of nitrogen (ultra−high purity grade) at 50 mL/min flow rate. were desorbed from the trap at 225°C for 6 min. With the
Five mL of the concentrate was directly injected to the capillary interface module, the desorbed volatiles were
GC−MS for analysis. cryofocused at −140°C (liquid N2). The cryofocused zone
was heated at 200°C for 0.85 min before the start of the
analytical run. The temperature of the injector zone under the
Two types of fibers were used for the SPME extraction: capillary interface was maintained at 200°C.
100 mm PDMS and 75 mm CAR/PDMS. Adsorbent−type
As mentioned earlier, the P&T method was also used in
fibers like CAR/PDMS are best used for extracting low
the second experiment to quantify selected VOCs. Five
molecular weight compounds (<200 amu), while absorbent−
compounds that were observed to be present in all of the
type fibers like PDMS are more efficient in extracting higher
samples and/or with large peak areas from the first experi-
molecular weight compounds (>200 amu) (Shirey, 2000a,
ment were quantified. These compounds included three
2000b). The SPME fibers were conditioned as recommended
carboxylic acids (acetic, propionic, and butyric) and two
by the manufacturer prior to first use. The PDMS fiber was
aldehydes (hexanal and nonanal). The three acids have been
conditioned at 250°C for 60 to 90 min, while the CAR/PDMS
reported to be major contributors to the swine odor (Ham-
fiber was conditioned at 280°C for 30 to 60 min. Based on a
mond et al., 1979; Yu et al., 1991), while the two aldehydes,
preliminary test, the following protocol was adopted to
although less odorous by themselves, may contribute to the
extract the VOCs: (1) place the 10 mL vial containing the
characteristic swine odor when mixed with the other
sample in a water bath at 80°C, (2) pierce the septum using
compounds. Quantifying target ions were identified for each
the SPME needle and expose the SPME fiber to the
compound. One mL of ethylbenzene−d10 in methanol (50 ng/
headspace for 30 min, and (3) immediately inject the SPME
mL) was chosen as an internal standard to the samples. The
fiber into the GC for analysis.
target mass of m/e 116 selected for quantitative detection of
Purge and Trap ethylbenzene−d10 had no interference from other com-
The filter was placed in a U−shaped sparge tube attached pounds, and the compound itself does not occur naturally. A
to a P&T instrument (model G1901−60500, Hewlett−Pack- calibration plot consisting of three to five data points was first
ard, Palo Alto, Cal.) equipped with a sample pocket heater obtained for each compound (Razote, 2003). To correct for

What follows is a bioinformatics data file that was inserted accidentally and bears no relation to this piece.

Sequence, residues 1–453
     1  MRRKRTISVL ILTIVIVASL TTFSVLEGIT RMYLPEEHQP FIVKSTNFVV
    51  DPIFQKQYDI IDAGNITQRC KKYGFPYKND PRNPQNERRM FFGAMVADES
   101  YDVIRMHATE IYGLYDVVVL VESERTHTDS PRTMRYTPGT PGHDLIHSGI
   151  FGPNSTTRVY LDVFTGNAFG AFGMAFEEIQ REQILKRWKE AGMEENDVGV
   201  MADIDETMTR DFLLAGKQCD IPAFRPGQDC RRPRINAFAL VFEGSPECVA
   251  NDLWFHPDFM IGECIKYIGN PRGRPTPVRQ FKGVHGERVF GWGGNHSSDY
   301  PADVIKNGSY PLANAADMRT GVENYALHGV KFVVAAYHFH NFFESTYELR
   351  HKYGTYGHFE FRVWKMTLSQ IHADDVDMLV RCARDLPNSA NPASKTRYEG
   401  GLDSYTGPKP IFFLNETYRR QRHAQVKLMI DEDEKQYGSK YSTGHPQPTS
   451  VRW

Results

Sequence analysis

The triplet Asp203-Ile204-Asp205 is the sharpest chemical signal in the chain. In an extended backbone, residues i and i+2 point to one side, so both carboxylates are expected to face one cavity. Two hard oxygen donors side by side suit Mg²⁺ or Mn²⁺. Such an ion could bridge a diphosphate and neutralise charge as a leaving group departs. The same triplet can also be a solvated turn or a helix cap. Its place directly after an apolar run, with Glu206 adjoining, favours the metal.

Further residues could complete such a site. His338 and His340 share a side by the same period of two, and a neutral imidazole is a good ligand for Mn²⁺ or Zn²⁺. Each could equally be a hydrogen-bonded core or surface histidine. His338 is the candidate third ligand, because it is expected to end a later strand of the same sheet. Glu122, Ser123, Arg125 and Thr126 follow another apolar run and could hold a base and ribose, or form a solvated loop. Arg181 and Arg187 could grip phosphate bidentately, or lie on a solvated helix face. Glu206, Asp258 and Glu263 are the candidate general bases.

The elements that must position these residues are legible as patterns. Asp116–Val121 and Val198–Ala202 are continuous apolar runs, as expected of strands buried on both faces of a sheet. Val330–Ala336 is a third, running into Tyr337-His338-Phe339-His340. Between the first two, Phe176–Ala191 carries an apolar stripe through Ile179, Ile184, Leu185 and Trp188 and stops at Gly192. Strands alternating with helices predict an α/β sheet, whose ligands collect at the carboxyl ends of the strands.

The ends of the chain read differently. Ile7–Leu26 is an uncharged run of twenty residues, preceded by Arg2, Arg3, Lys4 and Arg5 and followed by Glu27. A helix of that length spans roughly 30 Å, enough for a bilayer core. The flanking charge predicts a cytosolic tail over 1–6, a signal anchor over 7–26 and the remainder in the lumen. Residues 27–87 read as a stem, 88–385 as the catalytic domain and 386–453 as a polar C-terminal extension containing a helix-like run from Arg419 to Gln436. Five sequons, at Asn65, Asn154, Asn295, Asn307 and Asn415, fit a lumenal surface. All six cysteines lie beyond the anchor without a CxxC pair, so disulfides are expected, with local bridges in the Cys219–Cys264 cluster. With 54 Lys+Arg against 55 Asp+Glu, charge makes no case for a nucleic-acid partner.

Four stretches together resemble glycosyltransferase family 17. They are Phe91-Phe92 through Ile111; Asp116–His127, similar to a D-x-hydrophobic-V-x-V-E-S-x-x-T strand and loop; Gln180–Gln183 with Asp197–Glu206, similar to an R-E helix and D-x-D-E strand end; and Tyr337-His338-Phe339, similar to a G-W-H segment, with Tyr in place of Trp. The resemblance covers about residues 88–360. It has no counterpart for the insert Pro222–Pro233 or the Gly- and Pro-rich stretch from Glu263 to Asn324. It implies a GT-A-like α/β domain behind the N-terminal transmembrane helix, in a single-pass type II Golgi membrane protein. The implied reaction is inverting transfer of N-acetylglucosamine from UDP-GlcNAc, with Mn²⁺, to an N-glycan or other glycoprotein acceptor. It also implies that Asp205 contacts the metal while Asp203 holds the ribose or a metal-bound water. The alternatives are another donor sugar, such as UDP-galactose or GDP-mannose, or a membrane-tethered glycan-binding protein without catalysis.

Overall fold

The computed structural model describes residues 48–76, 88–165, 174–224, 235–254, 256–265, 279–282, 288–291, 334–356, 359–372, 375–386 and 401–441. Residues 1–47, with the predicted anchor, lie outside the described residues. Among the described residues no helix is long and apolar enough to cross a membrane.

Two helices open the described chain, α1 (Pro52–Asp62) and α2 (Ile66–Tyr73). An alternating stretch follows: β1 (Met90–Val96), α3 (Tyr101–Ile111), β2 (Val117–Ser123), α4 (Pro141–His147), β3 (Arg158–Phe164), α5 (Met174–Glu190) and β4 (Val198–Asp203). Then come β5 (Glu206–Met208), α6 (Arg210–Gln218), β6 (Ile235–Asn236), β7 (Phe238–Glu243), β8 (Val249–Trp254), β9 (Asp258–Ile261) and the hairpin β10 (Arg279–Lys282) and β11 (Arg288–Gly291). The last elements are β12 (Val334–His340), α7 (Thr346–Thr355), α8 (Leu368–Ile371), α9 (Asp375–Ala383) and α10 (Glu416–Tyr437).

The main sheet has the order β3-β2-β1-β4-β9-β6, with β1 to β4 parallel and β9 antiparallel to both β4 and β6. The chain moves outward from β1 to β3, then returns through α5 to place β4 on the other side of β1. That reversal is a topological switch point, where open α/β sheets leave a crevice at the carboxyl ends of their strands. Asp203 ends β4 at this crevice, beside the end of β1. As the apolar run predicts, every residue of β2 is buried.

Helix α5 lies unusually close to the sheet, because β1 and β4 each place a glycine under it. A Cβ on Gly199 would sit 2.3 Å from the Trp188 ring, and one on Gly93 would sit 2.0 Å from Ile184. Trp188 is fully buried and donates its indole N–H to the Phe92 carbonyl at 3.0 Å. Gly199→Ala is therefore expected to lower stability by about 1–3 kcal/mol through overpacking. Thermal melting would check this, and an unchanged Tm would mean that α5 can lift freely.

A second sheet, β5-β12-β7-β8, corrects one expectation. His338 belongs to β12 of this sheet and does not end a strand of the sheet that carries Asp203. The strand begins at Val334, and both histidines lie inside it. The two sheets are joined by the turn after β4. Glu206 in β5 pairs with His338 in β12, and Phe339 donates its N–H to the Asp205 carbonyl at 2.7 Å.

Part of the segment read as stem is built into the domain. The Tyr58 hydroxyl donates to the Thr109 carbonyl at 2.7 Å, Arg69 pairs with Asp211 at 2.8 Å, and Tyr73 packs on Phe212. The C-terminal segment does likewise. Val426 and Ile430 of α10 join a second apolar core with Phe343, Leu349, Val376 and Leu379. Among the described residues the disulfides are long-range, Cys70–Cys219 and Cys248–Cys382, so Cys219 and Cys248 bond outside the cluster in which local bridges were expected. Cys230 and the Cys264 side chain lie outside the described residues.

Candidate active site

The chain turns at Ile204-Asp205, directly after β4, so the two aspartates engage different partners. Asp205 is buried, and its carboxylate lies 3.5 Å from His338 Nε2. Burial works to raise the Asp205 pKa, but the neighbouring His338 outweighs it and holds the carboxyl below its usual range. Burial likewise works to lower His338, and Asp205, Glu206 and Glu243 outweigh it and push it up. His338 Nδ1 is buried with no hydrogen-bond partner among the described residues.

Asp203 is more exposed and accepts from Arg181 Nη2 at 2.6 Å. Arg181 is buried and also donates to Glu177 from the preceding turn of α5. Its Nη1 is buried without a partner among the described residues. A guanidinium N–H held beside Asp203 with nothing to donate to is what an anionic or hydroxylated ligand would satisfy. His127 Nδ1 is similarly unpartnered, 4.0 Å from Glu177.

(model 14−5737−020, Hewlett−Packard, Palo Alto, Cal.) and differences in purging and recovery among different runs, the
a capillary interface module (model G1908−60500, Hewlett− ratio of response of the target compound to that of the internal
Packard, Palo Alto, Cal.). The protocol for extracting and standard (i.e., ethylbenzene−d10 ) was plotted against the ratio
analyzing the compounds was based on the procedure of the concentration of the target compound to that of the
developed by Seitz et al. (1999) for analyzing volatiles from internal standard. A linear fit with zero intercept was used in
grain samples. Each filter was preheated to 80°C for 3 min, quantifying the compounds. The SAS General Linear Models
and then the volatiles from the heated filters were purged with (GLM) procedure and Least Squares Means (LSMeans)
helium at 40 mL/min onto a glass−lined Tenax trap (Type 1G, (SAS ver. 6.12, SAS Institute, Inc., Cary, N.C.) were
Tekmar) for 10 min. After the sample purge, an 8 min dry performed on concentration means to determine the variabil-
Vol. 47(4): 1231−1238 1233
ity in the amount of the compounds between sampling dates Tests on the recovery of 10 preselected standard compounds
and between compounds. with this method showed mean recoveries ranging from 67%
to 90% and losses ranging from 10% to 33%.
GAS CHROMATOGRAPHY AND MASS SPECTROMETRY A total of 38 different compounds were identified for the
Compounds extracted by solvent extraction and SPME two SPME fibers (table 1). Compounds extracted depended
methods were analyzed using an HP 5890A GC coupled with on the type of SPME fiber used. The PDMS fiber has a
an HP 5970 mass selective detector (MSD) (Hewlett−Pack- liquid−phase coating that works as an absorbent; rapid